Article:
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Confused Flour Beetle

Flat, shiny elongated  beetle

Reddish-brown in color

Measures about 1/8 inch long

Dried stored foods, grains, and even chocolate

Interesting Facts
Confused flour beetles are the most abundant and harmful insect pest of flour mills in the U.S. They cause significant damage to commercial grain products as well.

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Pest Database : Confused Flour Beetle

What does a confused flour beetle look like?

Confused flour beetles are flat, shiny, reddish-brown with an elongated body. Their antennae segments increase in size from the base to the tip to form a club that consists of four segments. These beetles cannot fly. They are often confused with the red flour beetle, which is how they got their name.

How did the confused flour beetle invade my home/business?

Confused flour beetles are a common insect that attacks cereals, grains, spices, grain products, shelled nuts, dried fruit, chocolate, drugs, peas, beans and other similar materials.

How can I tell if I have confused flour beetles?

Flour beetles are a common pest for homes and food processing facilities. Hundreds of flour beetles can live and reproduce in a small container of infested food, and they migrate and infest other food products. Typically, the first sign of confused flour beetles in your home is to see these pests flying around. Initially, you may have a few sightings and they will increase in numbers until you discover the source. Commercially, confused flour beetles can be discovered either by having sightings or through an extensive inspection.

Can confused flour beetles harm my family or employees?

Confused flour beetles themselves cannot harm humans. They can, however, cause expensive contamination to our food supply. They have been found in the following food products: flour, dried fruits, sunflower seeds, cornmeal, crackers, cereals, rice, wheat, oats, wheat bran, beans, chocolate, powdered milk, spices, pet food, birdseed, and dried flowers.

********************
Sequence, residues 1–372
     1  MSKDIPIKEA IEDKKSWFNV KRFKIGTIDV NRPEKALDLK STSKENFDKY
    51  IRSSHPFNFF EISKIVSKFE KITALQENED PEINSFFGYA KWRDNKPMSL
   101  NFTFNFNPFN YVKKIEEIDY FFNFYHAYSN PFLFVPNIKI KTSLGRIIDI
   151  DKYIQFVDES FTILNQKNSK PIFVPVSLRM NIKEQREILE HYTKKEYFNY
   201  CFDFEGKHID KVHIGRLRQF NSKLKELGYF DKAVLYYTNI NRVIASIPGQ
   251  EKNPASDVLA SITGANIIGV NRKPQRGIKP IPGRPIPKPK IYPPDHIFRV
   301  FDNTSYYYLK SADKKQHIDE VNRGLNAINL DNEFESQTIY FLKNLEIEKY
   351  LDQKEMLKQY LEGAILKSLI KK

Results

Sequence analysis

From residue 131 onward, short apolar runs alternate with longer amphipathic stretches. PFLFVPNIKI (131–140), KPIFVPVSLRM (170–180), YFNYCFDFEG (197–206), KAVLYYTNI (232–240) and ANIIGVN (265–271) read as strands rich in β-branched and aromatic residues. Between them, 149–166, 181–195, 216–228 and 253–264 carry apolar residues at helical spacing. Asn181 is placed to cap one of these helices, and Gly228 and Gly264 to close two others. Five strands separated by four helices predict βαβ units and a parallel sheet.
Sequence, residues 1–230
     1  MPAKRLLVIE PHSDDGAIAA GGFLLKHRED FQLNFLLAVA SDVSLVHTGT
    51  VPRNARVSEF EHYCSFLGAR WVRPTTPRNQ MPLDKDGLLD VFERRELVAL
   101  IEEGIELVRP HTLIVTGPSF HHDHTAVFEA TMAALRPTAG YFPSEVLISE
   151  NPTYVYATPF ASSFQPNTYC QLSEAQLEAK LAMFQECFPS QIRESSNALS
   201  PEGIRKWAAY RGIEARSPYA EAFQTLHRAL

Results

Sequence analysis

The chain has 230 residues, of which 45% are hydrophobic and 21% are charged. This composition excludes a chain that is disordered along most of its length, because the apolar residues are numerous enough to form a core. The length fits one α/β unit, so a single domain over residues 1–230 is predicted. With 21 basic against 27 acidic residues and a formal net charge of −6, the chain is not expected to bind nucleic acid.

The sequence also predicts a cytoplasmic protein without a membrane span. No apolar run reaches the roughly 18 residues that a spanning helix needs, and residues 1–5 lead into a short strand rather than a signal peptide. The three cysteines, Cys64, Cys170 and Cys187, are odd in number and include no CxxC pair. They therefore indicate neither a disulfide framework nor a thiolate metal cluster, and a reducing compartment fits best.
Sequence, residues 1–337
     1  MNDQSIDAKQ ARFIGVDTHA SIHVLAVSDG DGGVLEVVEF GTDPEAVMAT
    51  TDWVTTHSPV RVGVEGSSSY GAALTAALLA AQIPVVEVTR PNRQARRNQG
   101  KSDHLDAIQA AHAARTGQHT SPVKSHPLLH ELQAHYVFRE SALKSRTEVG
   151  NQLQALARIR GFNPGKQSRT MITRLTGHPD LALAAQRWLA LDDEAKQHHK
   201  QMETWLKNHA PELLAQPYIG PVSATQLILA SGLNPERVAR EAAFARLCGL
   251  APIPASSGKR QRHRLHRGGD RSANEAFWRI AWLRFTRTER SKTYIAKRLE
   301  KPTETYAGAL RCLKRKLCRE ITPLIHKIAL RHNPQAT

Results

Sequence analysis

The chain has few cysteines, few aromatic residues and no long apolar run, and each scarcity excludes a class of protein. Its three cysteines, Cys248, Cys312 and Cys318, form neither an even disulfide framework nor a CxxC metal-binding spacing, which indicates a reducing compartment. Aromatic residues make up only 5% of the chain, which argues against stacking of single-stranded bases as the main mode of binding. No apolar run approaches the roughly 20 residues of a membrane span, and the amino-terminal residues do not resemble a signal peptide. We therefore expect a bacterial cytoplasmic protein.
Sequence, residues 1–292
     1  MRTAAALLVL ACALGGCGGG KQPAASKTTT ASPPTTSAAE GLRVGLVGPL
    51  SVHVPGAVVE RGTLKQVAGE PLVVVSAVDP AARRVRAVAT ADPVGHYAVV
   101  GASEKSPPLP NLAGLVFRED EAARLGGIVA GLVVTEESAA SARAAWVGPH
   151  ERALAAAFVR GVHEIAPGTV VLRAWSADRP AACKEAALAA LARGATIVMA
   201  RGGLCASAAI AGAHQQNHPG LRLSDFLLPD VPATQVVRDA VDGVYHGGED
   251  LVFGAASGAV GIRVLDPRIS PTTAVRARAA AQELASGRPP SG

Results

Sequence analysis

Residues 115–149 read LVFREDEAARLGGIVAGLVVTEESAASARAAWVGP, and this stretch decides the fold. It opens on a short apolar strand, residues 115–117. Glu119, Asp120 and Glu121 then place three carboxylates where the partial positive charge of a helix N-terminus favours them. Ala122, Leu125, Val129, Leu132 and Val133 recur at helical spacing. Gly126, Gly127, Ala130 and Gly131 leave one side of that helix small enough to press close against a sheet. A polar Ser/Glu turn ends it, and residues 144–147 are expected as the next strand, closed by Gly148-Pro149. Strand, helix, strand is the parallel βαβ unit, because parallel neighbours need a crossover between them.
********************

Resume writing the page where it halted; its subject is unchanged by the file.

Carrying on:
How does Batzner get rid of confused flour beetles?

Steps in controlling flour beetles in a home:

  • The first step is finding and discarding infested foods in outdoor trash.
  • Sanitation is very important to gain control. Clean areas where the infestation was found, including shelves, cabinets, drawers, built-in cutting boards, baseboards, cracks and crevices. Use a vacuum and soap and water to clean these areas. Properly dispose of the vacuum bag immediately after use.
  • Clean up spilled food in a timely manner.
  • Inspect any dried, stored food products before bringing them into your home to ensure they are not damaged or that packaging is not torn.
  • Store dried foods in an air-tight glass, metal, or thick plastic containers. Paper, cardboard, and thin plastic bags will not prevent infestations. If pests are found in those products, then the infestation will be contained and not spread to other foods. Alternately, store susceptible products in a refrigerator or freezer.
  • Clean old containers before filling them with fresh food.
  • Rotate products, using older materials first. A good rule, for any given product, is that the first package you put on the shelf should be the first one you used.
  • Avoid keeping excess stocks of susceptible food items. Items that are stored for long periods of time are more likely to become infested.
  • Regularly check for and dispose of expired products, even if the product still looks good. It may be harboring a growing infestation.

If the infestation persists, it means at least one infested food source remains or additional spilled food is still present. If you are having trouble finding the source, give us a call. Our experienced service professionals have the training to seek out the root of the infestation.

What steps can I take to control or prevent confused flour beetles myself?

Prevention is the most important step in confused flour beetle control.

  • Keep them out. Inspect all products and packages that come into your home or facility for evidence of pests. Commercially, reject pallets that have evidence of a pest infestation.
  • Don’t let them breed inside. Implement and follow food or stock rotation (first in, first out).
  • Keep it clean. Clean up spilled food or product daily.
  • Then clean some more. Schedule regular deep cleaning that targets hard-to-reach locations where flour, food debris, and other food material may build up, such as in food pantries, above drop ceilings, on vent fans, in floor cracks, etc. Seal as many of these areas as possible to prevent future build up.
  • Don’t just rely on visual inspections. If you have a past history of flour beetles, we recommend a pheromone trapping program.